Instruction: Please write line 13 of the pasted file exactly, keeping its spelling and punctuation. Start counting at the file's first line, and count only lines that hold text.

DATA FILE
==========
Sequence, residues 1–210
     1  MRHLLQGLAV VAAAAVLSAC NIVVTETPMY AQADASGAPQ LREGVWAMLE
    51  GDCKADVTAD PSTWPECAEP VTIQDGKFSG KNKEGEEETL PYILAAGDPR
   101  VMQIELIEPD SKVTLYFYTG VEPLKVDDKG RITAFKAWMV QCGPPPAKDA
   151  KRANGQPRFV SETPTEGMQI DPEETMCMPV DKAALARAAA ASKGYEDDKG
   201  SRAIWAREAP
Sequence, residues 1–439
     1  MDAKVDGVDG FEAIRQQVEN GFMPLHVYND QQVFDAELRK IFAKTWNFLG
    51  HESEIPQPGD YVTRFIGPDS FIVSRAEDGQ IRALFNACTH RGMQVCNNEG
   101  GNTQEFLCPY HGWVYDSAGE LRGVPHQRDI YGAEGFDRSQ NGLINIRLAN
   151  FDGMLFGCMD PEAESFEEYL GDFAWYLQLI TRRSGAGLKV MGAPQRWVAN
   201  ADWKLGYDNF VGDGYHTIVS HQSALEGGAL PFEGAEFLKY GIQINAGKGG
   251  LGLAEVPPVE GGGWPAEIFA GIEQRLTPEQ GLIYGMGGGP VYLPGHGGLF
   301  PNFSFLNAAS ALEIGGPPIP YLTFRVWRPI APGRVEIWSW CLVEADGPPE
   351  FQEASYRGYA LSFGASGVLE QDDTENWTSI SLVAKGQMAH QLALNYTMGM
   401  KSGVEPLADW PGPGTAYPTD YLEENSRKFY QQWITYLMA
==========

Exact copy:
   251  LGLAEVPPVE GGGWPAEIFA GIEQRLTPEQ GLIYGMGGGP VYLPGHGGLF